OBJECTIVE: To describe and compare the clinical outcomes of bamlanivimab-etesevimab, casirivimab-imdevimab, and sotrovimab treatment of mild to moderate coronavirus disease 2019 (COVID-19) during the severe acute respiratory coronavirus 2 (SARS-CoV-2) B.1.617.2 Delta surge. METHODS: This is a retrospective study of high-risk patients who received bamlanivimab-etesevimab, casirivimab-imdevimab, and sotrovimab for mild to moderate COVID-19 between August 1, 2021, and December 1, 2021. Rates of severe disease, hospitalization, intensive care unit admission, and death were assessed. RESULTS: Among 10,775 high-risk patients who received bamlanivimab-etesevimab, casirivimab-imdevimab, or sotrovimab for mild to moderate COVID-19 during the Delta surge, 287 patients (2.7%) developed severe disease that led to hospitalization, oxygen supplementation, or death within 30 days after treatment. The rates of severe disease were low among patients treated with bamlanivimab-etesevimab (1.2%), casirivimab-imdevimab (2.9%), and sotrovimab (1.6%; P<.01). The higher rate of severe outcomes among patients treated with casirivimab-imdevimab may be related to a significantly lower COVID-19 vaccination rate in that cohort. Intensive care unit admission was comparable among patients treated bamlanivimab-etesevimab, casirivimab-imdevimab, or sotrovimab (1.0%, 1.0%, and 0.4%, respectively). CONCLUSION: This real-world study of a large cohort of high-risk patients shows low rates of severe disease, hospitalization, intensive care unit admission, and mortality after treatment with bamlanivimab-etesevimab, casirivimab-imdevimab, and sotrovimab for mild to moderate COVID-19 during the SARS-CoV-2 Delta surge.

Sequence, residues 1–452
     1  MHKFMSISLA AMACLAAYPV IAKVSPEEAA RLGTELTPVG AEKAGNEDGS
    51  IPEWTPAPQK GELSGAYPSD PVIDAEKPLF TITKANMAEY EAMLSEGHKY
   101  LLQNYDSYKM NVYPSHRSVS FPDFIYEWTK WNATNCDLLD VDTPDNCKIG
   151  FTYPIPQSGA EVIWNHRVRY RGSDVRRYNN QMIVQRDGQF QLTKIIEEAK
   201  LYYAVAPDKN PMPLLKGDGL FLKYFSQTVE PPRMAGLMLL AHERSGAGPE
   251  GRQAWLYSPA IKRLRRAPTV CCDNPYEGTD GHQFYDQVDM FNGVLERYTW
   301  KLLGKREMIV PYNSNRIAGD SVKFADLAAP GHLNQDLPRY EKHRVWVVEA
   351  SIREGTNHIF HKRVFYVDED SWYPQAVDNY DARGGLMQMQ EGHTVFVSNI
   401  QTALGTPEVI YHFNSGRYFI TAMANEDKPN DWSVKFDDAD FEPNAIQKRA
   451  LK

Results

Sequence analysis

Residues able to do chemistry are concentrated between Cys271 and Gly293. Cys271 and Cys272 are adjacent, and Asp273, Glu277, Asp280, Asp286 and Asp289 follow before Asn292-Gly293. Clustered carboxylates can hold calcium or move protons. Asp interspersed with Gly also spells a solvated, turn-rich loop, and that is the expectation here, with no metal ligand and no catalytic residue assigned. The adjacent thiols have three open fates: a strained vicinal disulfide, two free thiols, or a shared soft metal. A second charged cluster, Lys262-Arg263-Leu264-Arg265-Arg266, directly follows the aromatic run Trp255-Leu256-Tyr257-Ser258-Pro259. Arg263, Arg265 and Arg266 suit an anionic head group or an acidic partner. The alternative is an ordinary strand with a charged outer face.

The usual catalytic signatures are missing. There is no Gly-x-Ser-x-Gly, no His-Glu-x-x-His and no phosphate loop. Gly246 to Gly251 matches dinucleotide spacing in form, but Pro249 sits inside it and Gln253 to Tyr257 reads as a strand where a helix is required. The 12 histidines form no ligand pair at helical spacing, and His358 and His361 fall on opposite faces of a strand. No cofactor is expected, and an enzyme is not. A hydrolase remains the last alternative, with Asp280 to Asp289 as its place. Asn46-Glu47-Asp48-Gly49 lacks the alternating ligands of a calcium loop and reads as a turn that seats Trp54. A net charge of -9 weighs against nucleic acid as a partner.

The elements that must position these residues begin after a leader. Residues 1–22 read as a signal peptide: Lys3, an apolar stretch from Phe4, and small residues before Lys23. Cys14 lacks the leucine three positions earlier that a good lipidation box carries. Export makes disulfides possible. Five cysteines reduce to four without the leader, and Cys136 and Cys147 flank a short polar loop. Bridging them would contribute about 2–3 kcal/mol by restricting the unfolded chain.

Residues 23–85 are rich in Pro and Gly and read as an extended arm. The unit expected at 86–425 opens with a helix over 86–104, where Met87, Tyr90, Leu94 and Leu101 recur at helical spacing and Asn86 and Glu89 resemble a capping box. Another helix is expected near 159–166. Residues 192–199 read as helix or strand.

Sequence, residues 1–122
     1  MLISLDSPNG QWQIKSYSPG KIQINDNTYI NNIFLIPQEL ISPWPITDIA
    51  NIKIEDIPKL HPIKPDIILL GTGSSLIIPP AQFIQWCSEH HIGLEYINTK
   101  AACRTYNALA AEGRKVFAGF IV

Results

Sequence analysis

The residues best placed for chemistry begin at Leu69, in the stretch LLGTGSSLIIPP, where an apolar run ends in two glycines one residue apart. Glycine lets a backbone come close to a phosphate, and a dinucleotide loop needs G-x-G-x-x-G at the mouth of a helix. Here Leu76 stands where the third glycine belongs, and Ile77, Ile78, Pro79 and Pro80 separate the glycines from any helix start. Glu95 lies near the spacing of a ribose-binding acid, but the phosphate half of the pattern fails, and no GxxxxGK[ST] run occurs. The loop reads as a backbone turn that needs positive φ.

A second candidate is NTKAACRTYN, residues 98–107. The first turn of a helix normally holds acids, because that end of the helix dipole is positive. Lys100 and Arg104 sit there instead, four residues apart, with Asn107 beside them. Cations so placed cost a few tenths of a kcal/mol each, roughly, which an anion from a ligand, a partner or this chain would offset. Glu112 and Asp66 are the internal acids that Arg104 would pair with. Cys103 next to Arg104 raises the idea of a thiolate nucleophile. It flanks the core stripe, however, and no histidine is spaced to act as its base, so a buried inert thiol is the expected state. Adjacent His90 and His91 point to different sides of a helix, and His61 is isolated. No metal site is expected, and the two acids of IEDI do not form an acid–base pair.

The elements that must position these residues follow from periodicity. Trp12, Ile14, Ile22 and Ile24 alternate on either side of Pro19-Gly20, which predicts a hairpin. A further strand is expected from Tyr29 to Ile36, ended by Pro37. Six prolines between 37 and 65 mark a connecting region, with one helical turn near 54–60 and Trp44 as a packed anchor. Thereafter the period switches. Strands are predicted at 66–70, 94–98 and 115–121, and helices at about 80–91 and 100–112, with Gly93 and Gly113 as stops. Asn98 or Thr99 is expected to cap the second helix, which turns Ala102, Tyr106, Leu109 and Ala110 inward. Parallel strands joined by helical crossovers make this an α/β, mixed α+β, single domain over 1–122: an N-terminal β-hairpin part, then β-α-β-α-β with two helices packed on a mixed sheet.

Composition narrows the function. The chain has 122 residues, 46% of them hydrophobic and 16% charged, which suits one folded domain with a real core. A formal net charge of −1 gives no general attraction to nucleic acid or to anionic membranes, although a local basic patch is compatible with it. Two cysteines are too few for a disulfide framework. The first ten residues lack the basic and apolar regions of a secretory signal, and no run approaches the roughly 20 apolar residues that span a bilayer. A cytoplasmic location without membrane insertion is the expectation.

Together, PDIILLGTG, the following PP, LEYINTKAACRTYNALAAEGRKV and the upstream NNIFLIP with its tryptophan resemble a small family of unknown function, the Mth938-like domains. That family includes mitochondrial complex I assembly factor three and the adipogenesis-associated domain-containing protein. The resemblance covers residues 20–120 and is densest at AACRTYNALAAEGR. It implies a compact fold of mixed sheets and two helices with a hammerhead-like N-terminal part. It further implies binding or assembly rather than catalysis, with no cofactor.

Subject(s)